“I especially wish to stress any move Channel 4 may make into in-house TV production will be gradual, build on the existing diversity in the market and with the intention to avoid any market shock. By way of illustration, we would expect five years after launch, the total of external commissions will still substantially exceed in-house production spending. This would be further strengthened by an increase of Channel 4’s existing qualifying independent production quota from 25 per cent to 35 per cent, to bolster its enduring commitment to the sector, particularly with small- and medium-sized independent producers.”
“Channel 4 remains entirely committed to its presence, programme-making and impact across the Nations and Regions. This includes its commitment to regional producers, voluntary investing 50 per cent of its commissioning budget outside of London and growing its 4Skills training which promotes social mobility and economic growth across the UK. Our Board of Directors will supervise all these developments as part of their new duty to ensure the corporation’s financial sustainability.”
“The introduction and passage of the Media Bill remains a priority for all Public Service Media organisations. We will wait to see how those elements that affect Channel 4 and the independent production sector are expressed in law before we can be certain of the best way of proceeding on in-house production. In the meantime, we will continue to prepare for the exciting future ahead,” concluded Cheshire.
Under current legislation Channel 4 – a publicly-owned, commercially funded public service broadcaster (PSB) – is more limited than other PSBs in its ability to make and own its own content. It currently operates as a ‘publisher-broadcaster’, meaning all its shows are commissioned or acquired from third parties – such as independent producers or other broadcasters – who typically retain the rights to those programmes. This has been central to Channel 4’s role over the last 40 years in developing the UK’s independent production sector, which is now worth nearly £4 billion.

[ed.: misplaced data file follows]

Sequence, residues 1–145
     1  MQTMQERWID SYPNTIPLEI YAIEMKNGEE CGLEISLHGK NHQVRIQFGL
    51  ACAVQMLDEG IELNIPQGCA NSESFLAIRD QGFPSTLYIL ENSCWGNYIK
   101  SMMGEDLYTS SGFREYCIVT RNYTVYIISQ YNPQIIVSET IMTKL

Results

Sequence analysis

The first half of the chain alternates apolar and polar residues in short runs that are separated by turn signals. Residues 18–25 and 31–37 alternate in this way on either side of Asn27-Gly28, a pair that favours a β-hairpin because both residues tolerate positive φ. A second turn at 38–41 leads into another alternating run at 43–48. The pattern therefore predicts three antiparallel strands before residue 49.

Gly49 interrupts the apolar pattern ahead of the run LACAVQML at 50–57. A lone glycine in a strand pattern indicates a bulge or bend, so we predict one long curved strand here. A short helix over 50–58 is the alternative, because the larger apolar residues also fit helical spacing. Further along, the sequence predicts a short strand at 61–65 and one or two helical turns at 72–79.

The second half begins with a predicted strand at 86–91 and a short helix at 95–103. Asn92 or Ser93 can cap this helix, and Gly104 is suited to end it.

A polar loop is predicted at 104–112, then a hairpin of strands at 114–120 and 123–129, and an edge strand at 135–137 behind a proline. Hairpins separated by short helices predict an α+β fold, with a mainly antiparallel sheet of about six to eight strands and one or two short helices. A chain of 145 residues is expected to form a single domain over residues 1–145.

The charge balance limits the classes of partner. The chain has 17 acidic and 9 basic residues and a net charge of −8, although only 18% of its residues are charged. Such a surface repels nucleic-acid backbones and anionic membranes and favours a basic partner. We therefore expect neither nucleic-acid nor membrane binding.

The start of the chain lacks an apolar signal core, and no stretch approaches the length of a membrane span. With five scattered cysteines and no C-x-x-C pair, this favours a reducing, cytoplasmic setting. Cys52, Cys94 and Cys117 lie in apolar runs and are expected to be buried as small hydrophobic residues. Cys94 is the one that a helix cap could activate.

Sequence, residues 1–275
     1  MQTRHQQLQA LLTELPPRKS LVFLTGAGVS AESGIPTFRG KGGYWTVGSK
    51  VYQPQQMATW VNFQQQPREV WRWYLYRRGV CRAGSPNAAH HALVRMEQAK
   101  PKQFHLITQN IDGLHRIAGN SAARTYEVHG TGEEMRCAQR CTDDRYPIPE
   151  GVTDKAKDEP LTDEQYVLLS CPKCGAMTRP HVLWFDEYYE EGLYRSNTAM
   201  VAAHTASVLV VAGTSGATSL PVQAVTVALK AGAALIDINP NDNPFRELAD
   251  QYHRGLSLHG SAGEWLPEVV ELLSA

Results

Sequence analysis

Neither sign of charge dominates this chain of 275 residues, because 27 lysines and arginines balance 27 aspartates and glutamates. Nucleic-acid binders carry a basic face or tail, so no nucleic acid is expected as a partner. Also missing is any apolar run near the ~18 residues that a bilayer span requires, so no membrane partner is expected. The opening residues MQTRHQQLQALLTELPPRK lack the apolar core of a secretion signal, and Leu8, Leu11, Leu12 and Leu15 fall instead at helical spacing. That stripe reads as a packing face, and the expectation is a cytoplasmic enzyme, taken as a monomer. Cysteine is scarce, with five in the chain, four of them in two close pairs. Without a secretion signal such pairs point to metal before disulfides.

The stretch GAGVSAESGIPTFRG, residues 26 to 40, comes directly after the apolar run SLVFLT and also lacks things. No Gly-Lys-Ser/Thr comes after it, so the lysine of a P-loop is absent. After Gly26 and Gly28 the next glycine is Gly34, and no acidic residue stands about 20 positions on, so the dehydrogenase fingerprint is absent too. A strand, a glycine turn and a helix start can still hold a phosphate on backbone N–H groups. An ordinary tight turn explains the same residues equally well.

Like all UK broadcasters, Channel 4 is currently facing unprecedented competition for viewers, programmes and talent in an era of global streaming platforms. Following the decision made in January 2023 not to pursue a sale of Channel 4, the government confirmed an ambitious package of measures to drive growth at the broadcaster and support its long-term sustainability.
This includes reforms via the Media Bill – which had its first reading in the Commons November 8th – which will allow Channel 4 to make and own some of its content should it choose to do so, expanding opportunities for it to generate revenue to reinvest in programmes and talent.
Following engagement with TV producers of all sizes from across the country, today the government has announced new measures to safeguard Channel 4’s important role driving investment into the TV production sector should they choose to start a production business. The measures include:
- increasing Channel 4’s independent production quota from 25 per cent of qualifying programmes to 35 per cent;
- providing a new statutory role for Ofcom to oversee the measures Channel 4 puts in place to ensure open and fair access to its commissions
- requiring Ofcom to review the impact of Channel 4 developing its own production capability, should they choose to do so, as part of one of their upcoming public service broadcasting reviews.
In addition, Channel 4 has committed to set up any new in-house studio as a separate company – with its own Board and financial reporting – as part of plans to ensure it cannot favour commissions from its own studio over external production companies.
The corporation will report regularly on how it is ensuring fair and open access to commissions in its annual report, set up a new complaints process to settle disputes between producers and Channel 4, and minimise the risk of market shocks by taking a gradual approach to setting up any new production company.
The broadcaster has also said it will maintain its existing commitment to spend 50 per cent of its budget for main channel commissions on programmes made outside of London. Ofcom will consider whether any changes to Channel 4’s regional programme making quotas are required as part of its upcoming consultation on the terms of the next Channel 4 licence.
Other elements of the sustainability package include a new, statutory duty on the Channel 4 Board to consider the corporation’s long-term sustainability alongside fulfilment of the Channel 4 remit, and a revised Memorandum of Understanding (MoU) with updated financial reporting information and processes to allow Channel 4 to access debt finance within their statutory borrowing limit. The revised MoU has also been published.